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Finn Rhodes Forever: Chapter 37


“DOT’S GOT A SET OF LUNGS,” my dad commented from behind the counter as we watched her sing Bon Jovi’s ‘Living on a Prayer’ at the bar’s karaoke night.

I smiled as the bar patrons cheered her on. She didn’t even need the lyrics on the screen, she knew all the words.

“When I sell this place,” my dad continued, “I’m going to stipulate that the new owner needs to do at least four karaoke nights per year. They’re so fun.”

I grinned. When my parents were traveling last year, we didn’t do karaoke night. I had enough going on with training Sadie, ordering, inventory, and payroll. I hadn’t heard the end of it though. My dad loved karaoke night.

My dad gave me a side-long look. “You feeling okay about all of that?”

“About you selling the bar?” I arched a brow.

He nodded.

I thought about what my mom had said, and what Finn had said about how he only wanted to see me happy.

“Yeah,” I said, giving him a small smile. “I know you’ll pick the right person.”

“Good. You know I love you, right?”

I nodded, smiling wider. “Yep.” My throat was tight with emotion. “I love you, too.”

He pressed a quick kiss to my temple before walking away to introduce the next karaoke singer. A server dropped off a table’s order and I got to work mixing drinks.

My conversation with Finn resurfaced in my mind. I’d been replaying it over the past week, thinking about how different life might have been if we hadn’t kept secrets over the past decade. If he’d told me what my mom had said, if I told him that I missed him earlier… round and round I went, picturing different scenarios.

It broke my heart, hearing what my mom had said to Finn. I hadn’t talked to her since we got back from the hike. I didn’t know what I would say. She didn’t realize what she had done, but she had hurt Finn, helped him believe he wasn’t enough, and in the process, she had hurt me too.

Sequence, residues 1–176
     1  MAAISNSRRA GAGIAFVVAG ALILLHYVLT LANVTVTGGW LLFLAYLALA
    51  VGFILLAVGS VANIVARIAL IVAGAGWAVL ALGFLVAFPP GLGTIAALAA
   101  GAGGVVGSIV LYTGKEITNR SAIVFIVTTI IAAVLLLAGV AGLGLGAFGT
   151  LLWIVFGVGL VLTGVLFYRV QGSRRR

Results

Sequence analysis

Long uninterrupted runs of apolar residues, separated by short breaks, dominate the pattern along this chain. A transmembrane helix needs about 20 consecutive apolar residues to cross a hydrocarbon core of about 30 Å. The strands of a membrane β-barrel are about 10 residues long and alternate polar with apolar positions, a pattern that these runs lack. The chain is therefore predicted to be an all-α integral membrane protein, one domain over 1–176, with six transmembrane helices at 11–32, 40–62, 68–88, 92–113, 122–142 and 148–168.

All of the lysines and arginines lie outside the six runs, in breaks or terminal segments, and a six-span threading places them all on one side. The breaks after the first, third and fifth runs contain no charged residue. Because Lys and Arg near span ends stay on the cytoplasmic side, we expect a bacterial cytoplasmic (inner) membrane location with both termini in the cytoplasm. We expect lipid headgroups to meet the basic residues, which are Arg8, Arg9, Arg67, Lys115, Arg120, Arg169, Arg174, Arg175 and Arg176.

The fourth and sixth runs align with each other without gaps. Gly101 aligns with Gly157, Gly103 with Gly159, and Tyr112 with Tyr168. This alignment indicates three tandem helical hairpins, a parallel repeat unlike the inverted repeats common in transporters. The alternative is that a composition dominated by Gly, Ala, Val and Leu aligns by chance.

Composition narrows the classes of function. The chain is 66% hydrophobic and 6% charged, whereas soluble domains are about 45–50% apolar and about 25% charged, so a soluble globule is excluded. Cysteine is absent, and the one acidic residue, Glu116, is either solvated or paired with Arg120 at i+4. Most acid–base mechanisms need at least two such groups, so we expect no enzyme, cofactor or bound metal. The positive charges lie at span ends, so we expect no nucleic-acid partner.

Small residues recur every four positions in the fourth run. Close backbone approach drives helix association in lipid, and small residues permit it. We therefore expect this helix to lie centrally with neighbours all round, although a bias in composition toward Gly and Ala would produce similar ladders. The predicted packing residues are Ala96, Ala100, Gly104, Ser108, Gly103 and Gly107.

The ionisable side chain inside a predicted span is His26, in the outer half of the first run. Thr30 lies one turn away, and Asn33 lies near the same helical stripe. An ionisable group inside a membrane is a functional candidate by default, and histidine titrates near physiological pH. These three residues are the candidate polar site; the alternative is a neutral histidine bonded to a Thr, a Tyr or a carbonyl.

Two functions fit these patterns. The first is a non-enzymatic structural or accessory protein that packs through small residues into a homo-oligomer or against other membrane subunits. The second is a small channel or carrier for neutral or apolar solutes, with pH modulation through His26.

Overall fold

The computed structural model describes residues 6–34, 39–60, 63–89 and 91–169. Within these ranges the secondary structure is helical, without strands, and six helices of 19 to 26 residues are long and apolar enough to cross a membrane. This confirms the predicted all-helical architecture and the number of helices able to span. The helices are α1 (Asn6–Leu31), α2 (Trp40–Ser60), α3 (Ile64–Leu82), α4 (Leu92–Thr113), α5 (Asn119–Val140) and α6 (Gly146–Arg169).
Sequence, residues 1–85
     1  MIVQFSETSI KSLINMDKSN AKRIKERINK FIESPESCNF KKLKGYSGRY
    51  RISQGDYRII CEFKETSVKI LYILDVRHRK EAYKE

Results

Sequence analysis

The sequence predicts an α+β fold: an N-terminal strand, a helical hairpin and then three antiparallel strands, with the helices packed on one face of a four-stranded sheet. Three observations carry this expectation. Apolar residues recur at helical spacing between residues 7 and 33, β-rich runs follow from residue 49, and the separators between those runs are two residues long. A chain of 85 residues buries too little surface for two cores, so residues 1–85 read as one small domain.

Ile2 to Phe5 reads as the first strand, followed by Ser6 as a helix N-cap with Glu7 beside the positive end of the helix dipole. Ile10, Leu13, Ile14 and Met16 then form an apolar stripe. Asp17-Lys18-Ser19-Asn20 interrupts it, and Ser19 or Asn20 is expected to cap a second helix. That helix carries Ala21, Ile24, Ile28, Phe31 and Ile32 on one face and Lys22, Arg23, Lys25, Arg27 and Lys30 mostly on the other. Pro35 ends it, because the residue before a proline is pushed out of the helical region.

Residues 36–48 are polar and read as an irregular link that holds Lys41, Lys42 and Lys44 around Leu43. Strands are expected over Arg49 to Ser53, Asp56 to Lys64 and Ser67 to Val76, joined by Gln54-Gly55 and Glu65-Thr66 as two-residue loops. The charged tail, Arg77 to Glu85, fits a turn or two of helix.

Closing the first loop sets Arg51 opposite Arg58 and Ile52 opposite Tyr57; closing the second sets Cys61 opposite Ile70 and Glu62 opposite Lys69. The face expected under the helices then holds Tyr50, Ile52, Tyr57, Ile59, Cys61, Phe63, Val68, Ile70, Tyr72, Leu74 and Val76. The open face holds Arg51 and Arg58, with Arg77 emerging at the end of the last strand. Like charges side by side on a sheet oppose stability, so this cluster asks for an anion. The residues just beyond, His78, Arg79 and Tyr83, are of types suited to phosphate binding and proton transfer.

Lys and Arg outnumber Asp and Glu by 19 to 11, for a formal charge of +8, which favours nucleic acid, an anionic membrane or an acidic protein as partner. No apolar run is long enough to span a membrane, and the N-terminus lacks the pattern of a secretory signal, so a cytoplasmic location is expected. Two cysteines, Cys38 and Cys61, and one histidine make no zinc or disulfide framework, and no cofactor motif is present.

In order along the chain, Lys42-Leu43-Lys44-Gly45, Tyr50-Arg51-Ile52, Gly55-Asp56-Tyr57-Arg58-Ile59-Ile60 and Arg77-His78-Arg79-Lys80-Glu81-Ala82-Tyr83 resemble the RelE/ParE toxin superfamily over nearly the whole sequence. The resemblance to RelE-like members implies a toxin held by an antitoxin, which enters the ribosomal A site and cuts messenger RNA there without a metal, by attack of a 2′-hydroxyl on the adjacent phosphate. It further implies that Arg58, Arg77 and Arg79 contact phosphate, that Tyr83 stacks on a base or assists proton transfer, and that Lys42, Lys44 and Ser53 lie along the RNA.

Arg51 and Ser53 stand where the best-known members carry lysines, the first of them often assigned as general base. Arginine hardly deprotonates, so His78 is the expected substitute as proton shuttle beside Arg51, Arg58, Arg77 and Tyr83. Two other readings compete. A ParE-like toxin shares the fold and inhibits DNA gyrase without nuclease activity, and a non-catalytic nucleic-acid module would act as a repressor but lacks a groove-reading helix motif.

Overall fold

In my mind, I saw Finn sitting by the fire, hair falling across his forehead, eyes shining in the firelight. He was so beautiful, it made my heart hurt.

My mouth hitched as I turned and glanced at the cartoon he had left on the bar for me tonight. I’d tucked it onto a shelf above the bar to keep it safe. Two birds holding hands with hearts swirling around their heads. This thing between us was becoming bigger than I had expected. Once I let go, once I let it grow out of my grasp, it was so easy between us. It felt meant to be.

I smiled to myself as I shook the cocktail shaker.

Finn was making me feel whole again.

Another person had been sneaking into my head lately—Cole. With Finn, I had been so certain things were the way I perceived them, but there had been another side to that story. A whole other person to factor in with their own experience, feelings, and baggage.

When I was a kid, Cole was younger than I was at present. When I was five, he was twenty-five. He was a kid with a kid. What if I lived my entire life without knowing him because of some stupid misunderstanding?